Do you know where the world is going? What is going well? What isn’t? The last two years have not been great, and 2022 might be a real low point. However, from a longer-term perspective, things in many parts of the world and for many people around the world look more positive than ever before.
We don’t want you to look at the world through rose-coloured glasses. But we would like to direct your attention to a source of information that people are often unaware of.
And that is data on the state of the world and how it has changed as opposed to the daily headlines.
Naturally, we base our view on the state of the world on views, opinions and anecdotes that are readily available to us. That’s just human nature. And obviously, the daily news is just so much more readily available than long-term data on various development areas. So, we can lose sight of sweeping developments across the world that just don’t happen to take place in headlines. If poverty goes down a little bit every day, that’s – unfortunately – not worth a headline. Equally, if many regions in the world haven’t been to war for decades, that doesn’t make it to the headlines. Thus, we can fail to recognise that the world has actually changed for the better in many many aspects for millions of people.
That’s not to say that there can’t be setbacks in progress. It’s in the nature of progress that it doesn’t happen by itself. It needs us humans to make it happen. But there is progress in the long run. Knowledge accumulates. People and civilisations learn from mistakes – hopefully, usually.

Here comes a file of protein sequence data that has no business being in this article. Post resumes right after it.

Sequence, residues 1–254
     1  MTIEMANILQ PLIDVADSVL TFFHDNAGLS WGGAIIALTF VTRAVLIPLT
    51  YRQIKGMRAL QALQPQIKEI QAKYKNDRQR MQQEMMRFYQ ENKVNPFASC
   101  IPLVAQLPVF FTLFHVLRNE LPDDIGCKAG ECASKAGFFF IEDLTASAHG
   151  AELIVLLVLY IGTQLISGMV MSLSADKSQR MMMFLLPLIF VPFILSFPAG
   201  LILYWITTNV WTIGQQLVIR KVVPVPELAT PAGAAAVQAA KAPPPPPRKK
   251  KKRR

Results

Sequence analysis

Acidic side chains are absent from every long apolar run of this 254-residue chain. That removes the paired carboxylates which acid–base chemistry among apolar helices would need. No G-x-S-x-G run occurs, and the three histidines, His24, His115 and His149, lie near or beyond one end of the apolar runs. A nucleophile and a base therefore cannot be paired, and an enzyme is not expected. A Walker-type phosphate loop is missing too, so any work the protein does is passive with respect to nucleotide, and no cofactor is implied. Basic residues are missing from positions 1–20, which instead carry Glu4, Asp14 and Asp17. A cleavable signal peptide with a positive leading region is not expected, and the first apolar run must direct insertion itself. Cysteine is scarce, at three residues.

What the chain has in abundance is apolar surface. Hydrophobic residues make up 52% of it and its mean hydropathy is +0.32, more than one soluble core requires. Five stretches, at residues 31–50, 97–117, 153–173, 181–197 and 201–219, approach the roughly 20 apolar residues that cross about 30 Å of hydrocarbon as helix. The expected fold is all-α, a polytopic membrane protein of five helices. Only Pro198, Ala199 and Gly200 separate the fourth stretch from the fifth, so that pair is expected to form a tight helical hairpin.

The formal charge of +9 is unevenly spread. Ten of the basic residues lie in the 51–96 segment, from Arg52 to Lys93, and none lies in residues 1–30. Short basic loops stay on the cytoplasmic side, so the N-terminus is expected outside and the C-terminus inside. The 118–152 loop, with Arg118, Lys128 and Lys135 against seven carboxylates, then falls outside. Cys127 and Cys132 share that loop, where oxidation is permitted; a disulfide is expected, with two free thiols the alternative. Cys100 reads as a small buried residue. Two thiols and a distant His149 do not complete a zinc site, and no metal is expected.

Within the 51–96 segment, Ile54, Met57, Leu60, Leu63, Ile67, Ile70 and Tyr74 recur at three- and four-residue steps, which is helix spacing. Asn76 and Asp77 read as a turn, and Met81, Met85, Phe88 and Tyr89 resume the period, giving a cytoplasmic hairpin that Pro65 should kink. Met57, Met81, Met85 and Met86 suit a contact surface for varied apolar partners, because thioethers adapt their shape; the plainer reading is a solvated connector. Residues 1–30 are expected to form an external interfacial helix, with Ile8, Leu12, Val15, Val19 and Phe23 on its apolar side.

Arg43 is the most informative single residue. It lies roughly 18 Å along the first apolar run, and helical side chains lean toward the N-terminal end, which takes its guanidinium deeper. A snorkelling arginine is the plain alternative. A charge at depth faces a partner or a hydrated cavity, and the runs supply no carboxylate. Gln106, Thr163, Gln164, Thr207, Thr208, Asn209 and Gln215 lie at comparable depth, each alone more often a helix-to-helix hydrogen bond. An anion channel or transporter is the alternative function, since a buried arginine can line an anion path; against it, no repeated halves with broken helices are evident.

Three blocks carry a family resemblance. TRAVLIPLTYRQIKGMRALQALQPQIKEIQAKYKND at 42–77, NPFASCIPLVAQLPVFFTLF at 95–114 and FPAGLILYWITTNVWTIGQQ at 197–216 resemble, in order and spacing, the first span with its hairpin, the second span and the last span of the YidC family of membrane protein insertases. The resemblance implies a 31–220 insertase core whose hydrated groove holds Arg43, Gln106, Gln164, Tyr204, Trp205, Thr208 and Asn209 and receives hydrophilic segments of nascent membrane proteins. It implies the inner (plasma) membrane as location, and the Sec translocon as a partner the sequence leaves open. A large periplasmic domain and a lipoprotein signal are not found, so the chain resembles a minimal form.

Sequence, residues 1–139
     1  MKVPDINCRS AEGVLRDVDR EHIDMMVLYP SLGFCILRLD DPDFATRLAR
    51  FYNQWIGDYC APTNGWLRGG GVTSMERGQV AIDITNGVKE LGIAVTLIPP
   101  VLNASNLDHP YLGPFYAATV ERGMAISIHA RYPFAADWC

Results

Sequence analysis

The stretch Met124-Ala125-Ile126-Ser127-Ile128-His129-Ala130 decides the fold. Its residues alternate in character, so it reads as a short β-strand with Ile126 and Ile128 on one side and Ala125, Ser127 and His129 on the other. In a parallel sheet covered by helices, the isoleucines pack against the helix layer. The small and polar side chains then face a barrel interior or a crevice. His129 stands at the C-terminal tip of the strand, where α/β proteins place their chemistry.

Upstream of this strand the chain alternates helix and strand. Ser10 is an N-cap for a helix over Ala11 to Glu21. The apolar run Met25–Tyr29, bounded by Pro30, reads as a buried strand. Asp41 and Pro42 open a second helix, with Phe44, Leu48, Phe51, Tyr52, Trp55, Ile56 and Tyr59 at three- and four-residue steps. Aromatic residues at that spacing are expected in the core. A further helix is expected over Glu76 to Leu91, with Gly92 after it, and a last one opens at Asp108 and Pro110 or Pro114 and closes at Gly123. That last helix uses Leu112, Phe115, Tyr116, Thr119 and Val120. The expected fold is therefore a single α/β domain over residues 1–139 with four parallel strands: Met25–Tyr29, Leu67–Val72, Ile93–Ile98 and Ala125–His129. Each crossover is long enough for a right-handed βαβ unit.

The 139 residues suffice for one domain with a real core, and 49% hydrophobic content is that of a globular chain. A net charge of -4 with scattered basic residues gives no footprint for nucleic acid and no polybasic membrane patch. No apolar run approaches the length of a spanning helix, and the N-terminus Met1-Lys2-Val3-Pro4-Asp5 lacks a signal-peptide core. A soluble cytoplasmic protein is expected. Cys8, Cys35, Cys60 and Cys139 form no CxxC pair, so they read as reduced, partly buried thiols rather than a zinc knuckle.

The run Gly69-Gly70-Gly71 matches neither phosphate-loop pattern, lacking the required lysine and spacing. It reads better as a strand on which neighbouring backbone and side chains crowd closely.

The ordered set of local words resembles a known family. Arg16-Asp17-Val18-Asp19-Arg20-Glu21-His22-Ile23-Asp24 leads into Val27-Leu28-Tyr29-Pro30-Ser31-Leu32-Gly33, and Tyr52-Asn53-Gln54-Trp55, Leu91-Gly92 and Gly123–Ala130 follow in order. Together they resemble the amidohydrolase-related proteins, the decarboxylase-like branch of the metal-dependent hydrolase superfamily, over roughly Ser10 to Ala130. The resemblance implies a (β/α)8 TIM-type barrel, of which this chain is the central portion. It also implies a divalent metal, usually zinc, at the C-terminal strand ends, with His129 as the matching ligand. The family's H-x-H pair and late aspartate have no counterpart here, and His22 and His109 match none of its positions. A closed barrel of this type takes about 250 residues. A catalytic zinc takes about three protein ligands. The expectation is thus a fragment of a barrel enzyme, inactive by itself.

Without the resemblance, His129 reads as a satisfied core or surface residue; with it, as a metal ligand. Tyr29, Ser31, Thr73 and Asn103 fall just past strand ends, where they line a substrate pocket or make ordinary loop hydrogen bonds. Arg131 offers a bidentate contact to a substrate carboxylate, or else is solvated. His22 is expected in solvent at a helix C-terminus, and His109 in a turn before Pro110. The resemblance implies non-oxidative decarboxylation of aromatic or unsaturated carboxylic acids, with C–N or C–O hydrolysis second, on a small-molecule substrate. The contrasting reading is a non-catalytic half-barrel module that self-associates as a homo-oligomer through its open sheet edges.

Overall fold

The Sustainable Development Goals (SDGs), also known as the Global Goals, were adopted by the United Nations in 2015 as a universal call to action to end poverty, protect the planet, and ensure that by 2030 all people enjoy peace and prosperity. The 17 goals are integrated, acknowledging the strong interconnectedness of individual development areas. Extreme poverty was an economic problem. Children’s schooling was an education problem. Electricity was an infrastructure problem. But the SDGs help us realise that these goals are all about the same sustainable future. Children in poverty can’t do their homework if they don’t have electricity. And an investment in health and education will have so many positive ramifications on other targets such as gender equality, climate action, or decent work and economic growth. Health and education are the basis for achieving the other targets.
In 2020, 5 years into the SDGs, Ola Rosling of Gapminder, an independent foundation that uses reliable data to analyse the state of the world and fight common misconceptions, reviewed the development progress. He shows the progress we have made and highlights the areas where we are not moving fast enough or are even going in the wrong direction.
He reminds us that we humans have the ability to imagine a better world, even during crises. And that we are capable of collaborating to turn this imagination into reality. For ourselves and, most importantly, for our children.
Have a look at his video summary below on developments up to 2020.
With corona, followed by the Russian war and the current food crisis, there has been a step back. But hopefully, like many other crises in the past, this will be a temporary one. So let our imagination be strong and collaborate for a better future.
If you like to explore more data about the state of the world, go to gapminder.org. There are lots of interesting tools to explore and play around with. For example, you can get your global knowledge certificate: https://www.gapminder.org/upgrader/
Or explore dollar street, by yourself or with your kids. Discover how other families live around the world, depending on their income or their region. How do their pets live? What toys do children have? What do their toothbrushes look like? It’s a super interesting tour around the world, from the comfort of your sofa, that even little children might enjoy.
So, upgrade your worldview and keep collaborating for a better future!